© ISTOCK.COM/VECTORAARTA few years ago, David Sinclair’s lab was slipping through his fingers. With grant money running dry and the outlook for overall federal research budgets bleak, the Harvard geneticist was losing lab members because he couldn’t support them with funding from the National Institutes of Health (NIH), as he had done in years past. Sinclair says his 18-person-strong group dwindled to just four or five people. “And that was painful,” he recalls. “I had to let people go for lack of money.”
And Sinclair says he’s not alone. “Even at a place like Harvard, I know [other] labs that have downsized dramatically and even closed down,” he says. “So it’s hit across the board.”
In the face of such persistent financial stress, Sinclair was forced to reconsider his funding strategy. Rather than try to secure a few generous, but highly competitive, NIH grants, he began applying for...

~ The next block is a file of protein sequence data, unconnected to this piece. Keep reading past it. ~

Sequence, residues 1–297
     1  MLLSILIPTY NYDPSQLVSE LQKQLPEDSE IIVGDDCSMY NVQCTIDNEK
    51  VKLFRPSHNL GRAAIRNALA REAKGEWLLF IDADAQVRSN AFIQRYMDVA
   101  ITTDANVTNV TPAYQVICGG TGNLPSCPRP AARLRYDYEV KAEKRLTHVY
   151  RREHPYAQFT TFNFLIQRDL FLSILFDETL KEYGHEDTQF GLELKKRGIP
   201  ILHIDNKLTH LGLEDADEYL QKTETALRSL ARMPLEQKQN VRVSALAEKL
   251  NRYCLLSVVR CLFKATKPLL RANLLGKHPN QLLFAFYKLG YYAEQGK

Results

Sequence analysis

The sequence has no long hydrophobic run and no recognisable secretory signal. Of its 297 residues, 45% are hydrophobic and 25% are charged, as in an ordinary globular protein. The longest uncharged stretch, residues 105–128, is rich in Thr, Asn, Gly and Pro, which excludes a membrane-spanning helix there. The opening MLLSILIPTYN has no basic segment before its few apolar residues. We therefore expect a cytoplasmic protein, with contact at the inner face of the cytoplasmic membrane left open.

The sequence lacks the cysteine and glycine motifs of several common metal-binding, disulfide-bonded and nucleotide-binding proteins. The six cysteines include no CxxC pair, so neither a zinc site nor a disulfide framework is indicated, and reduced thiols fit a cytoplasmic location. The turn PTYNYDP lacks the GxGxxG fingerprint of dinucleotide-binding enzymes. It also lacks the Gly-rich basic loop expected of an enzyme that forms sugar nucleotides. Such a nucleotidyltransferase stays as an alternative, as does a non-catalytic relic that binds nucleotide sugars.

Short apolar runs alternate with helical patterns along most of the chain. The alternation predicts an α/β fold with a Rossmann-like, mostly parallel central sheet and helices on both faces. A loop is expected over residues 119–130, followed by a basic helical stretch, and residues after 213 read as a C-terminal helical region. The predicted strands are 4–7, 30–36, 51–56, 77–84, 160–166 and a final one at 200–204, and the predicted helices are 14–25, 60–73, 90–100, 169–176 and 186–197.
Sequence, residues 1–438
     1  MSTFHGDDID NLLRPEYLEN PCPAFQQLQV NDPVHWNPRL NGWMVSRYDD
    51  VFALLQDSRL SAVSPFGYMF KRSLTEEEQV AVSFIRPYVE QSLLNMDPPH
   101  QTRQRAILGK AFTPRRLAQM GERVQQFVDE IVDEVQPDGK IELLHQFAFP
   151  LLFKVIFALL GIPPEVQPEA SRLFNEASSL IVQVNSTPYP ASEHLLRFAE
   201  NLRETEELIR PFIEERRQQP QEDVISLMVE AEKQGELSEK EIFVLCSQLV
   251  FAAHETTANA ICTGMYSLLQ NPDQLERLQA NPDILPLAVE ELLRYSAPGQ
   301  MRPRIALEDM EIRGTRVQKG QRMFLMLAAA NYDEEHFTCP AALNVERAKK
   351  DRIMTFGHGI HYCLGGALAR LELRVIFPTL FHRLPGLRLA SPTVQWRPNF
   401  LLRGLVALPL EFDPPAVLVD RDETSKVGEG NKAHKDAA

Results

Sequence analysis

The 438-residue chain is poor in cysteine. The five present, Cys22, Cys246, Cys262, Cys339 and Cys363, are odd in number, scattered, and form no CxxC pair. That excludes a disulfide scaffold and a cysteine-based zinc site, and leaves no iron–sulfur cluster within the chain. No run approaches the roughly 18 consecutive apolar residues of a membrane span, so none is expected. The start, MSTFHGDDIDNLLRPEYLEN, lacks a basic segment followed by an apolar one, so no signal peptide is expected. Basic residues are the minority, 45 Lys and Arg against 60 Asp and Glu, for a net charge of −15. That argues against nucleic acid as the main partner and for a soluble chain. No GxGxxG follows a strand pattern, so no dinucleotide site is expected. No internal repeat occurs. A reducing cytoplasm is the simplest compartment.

Many other scientists are similarly seeking private, rather than public, funding sources, as the federal budgetary sequestration extends into its second year and government research budgets show no signs of rebounding any time soon. Nir Barzilai, director of the Institute for Aging Research at Albert Einstein College of Medicine, used private money not only to fund his own lab, but to launch an entire research center. He and collaborators opened Einstein’s Paul F. Glenn Center for the Biology of Human Aging in 2012 with the help of a $3 million grant from the Glenn Foundation for Medical Research, and funding from private sources continues to fuel research at the center. “For me personally, the NIH hardships, I survived them,” Barzilai says. “When I hear of any private source, it’s immediately an e-mail to the people at the Center. . . . I probably have as much funding as I had before.”